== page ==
There's Boy Scouts, the 103-year-old big baddy of all scouting programs. Sure, membership has been declining over the years. Yes, the BSA's attempt at Solomonically splitting the baby in half by banning gay adult leaders while welcoming gay youth befuddles people on both wings of the debate. Still, even with the decline and discord, the BSA still 2.6 million scouts strong.
The upstart Trail Life USA held their convention this weekend and announced they are launching an alternative to the BSA in 2014. Reporters were not permitted at the convention, however their statement outlined their distinctiveness from BSA:
"Trail Life USA will be inclusive of boys, regardless of religion, race, national origin or socioeconomic status, and accept boys who are experiencing same-sex attractions or gender confusion.However, it will not admit youth who are open or avowed about their homosexuality, and it will not admit boys who are not 'biologically male' or boys who wish to dress and act like girls."
Meanwhile, Navigators (not to be confused with the Colorado Springs adult discipleship group), is a secular and coed scouting group.
They report exponential growth in recent years, especially after the March BSA vote over whether to include homosexuals.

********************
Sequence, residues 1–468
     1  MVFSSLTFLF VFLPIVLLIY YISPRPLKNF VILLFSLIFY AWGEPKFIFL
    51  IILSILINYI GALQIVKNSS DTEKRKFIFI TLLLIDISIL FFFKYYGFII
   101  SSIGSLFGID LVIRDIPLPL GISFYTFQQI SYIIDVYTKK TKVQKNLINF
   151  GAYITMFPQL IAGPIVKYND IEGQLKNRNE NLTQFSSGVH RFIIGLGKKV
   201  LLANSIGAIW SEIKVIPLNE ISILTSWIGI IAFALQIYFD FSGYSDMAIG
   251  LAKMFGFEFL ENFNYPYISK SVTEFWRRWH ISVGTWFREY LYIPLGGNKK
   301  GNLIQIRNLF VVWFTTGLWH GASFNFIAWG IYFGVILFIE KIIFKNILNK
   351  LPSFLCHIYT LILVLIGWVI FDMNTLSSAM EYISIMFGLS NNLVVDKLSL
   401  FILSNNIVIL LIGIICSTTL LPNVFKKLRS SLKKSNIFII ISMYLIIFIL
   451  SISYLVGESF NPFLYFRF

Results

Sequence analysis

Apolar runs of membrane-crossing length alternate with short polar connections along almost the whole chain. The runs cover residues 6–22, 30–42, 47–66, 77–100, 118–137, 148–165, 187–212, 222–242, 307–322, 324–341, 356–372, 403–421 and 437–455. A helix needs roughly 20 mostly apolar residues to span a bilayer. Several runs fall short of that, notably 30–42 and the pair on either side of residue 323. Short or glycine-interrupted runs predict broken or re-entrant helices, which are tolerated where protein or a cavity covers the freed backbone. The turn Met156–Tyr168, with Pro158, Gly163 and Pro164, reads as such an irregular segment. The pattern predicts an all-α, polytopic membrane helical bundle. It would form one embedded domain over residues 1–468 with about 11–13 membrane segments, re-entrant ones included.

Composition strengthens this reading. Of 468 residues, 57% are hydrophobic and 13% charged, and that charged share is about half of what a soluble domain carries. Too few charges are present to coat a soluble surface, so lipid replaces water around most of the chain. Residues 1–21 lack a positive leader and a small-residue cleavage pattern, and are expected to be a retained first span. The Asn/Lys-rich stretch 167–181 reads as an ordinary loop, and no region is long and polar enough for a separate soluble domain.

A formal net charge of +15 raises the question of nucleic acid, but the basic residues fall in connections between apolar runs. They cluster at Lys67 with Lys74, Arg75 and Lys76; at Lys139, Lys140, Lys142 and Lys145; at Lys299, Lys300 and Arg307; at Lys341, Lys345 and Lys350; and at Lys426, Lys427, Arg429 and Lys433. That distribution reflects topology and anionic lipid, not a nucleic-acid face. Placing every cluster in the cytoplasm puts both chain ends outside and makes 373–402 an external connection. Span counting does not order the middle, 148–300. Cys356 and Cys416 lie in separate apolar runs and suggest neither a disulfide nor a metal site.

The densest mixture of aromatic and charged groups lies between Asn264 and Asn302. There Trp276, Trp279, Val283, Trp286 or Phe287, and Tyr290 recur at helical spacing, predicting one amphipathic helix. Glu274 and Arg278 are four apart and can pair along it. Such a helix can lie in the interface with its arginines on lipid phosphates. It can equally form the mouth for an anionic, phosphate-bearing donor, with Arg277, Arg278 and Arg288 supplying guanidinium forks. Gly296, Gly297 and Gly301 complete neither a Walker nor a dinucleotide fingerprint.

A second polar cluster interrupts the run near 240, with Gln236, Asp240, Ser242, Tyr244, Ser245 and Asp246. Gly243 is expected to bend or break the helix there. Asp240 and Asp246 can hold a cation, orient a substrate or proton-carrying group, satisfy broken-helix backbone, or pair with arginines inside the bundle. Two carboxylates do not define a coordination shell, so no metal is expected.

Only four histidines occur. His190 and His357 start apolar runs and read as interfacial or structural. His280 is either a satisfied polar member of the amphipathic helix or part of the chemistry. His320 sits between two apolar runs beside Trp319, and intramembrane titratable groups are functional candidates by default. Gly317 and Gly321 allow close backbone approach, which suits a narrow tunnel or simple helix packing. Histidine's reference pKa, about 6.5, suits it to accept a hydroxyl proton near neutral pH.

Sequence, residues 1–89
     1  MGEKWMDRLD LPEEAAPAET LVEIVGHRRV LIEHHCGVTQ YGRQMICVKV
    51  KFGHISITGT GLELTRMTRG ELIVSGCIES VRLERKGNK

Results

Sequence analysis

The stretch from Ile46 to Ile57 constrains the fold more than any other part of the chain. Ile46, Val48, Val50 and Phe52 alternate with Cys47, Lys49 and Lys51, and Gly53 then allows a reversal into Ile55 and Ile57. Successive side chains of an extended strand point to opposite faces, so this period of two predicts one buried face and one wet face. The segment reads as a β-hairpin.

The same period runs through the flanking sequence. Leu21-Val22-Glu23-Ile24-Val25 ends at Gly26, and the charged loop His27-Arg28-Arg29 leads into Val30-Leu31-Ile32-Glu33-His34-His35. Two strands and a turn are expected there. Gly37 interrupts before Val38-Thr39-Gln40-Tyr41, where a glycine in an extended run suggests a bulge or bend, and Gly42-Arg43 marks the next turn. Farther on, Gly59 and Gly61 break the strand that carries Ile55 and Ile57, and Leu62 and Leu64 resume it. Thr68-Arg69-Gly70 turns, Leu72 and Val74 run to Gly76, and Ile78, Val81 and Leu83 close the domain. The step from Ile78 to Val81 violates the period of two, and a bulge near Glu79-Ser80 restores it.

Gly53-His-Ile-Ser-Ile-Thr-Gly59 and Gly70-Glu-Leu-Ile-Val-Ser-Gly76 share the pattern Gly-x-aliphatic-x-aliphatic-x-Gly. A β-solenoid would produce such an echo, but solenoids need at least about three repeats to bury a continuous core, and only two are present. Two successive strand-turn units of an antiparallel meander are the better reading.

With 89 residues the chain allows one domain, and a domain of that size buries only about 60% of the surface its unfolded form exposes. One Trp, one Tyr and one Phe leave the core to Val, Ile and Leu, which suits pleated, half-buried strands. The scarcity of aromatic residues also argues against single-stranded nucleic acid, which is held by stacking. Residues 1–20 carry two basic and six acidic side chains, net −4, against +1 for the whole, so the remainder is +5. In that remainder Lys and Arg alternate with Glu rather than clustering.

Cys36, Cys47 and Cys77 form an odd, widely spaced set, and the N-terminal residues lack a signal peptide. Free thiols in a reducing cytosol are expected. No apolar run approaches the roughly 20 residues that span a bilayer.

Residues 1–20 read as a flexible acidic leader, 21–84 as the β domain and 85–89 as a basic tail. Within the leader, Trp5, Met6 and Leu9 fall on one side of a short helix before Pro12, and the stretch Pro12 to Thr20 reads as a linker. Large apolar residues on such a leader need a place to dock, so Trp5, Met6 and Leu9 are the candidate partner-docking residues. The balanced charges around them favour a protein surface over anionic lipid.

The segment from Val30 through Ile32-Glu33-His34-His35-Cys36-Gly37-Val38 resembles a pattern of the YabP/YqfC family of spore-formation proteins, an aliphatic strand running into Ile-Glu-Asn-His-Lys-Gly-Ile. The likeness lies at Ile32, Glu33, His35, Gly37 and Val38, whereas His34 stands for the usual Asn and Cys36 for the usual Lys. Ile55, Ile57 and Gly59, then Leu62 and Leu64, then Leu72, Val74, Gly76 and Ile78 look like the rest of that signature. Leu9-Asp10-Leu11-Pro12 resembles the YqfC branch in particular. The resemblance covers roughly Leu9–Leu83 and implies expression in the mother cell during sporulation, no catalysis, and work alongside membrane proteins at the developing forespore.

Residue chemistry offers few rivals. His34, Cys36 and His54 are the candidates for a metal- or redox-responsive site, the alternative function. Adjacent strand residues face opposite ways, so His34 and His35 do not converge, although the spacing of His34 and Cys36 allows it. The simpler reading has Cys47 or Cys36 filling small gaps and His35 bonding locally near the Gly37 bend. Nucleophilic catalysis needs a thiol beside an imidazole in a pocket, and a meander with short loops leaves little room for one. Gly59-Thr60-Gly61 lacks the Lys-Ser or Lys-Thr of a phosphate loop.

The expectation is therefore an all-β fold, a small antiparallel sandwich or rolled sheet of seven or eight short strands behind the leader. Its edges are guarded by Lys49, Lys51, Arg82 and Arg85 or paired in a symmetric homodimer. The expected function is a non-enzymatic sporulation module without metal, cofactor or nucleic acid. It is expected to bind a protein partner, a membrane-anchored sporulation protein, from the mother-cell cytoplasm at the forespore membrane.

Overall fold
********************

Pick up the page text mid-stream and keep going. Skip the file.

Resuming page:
This NBCNEWS.com story catalogs a plethora of spin off scouting programs. The American Heritage Girls sprouted up when the Girl Scouts removed their oath to God. Wiccans have Spiral Scouts to reinforce pagan values while avoiding the Christian underpinnings of the BSA. The Frontier Girls Club major on merit badges and heterosexuality. The Baden-Powell Service Association deemphasises religion and sexuality while leaning into service projects. Earth Champs wants to develop children concerned for the environment and economic justice.
Meanwhile, back at the BSA, obese scouts and leaders may not attend the National Jamboree due to the demanding activities of the experience.It's only a matter of time until Frito Lay charters the Cholesterol Scouts.
In a pluralistic society, some fragmentation and specialization within scouting groups is inevitable.Parents want to enroll their children in organizations which resonate with their values. But at the same time, one of the values citizens need to navigate a pluralistic society is the ability to get along with people with whom you strongly disagree. Our children need to exposure to other children who think, believe, and behave differently than they do. They need involved adults, especially parents, to help their children navigate these difference while affirming their own core beliefs. But as scouting continues to balkanize into smaller and smaller tribes, one has to wonder if our children can learn this skill within any variation of scouting.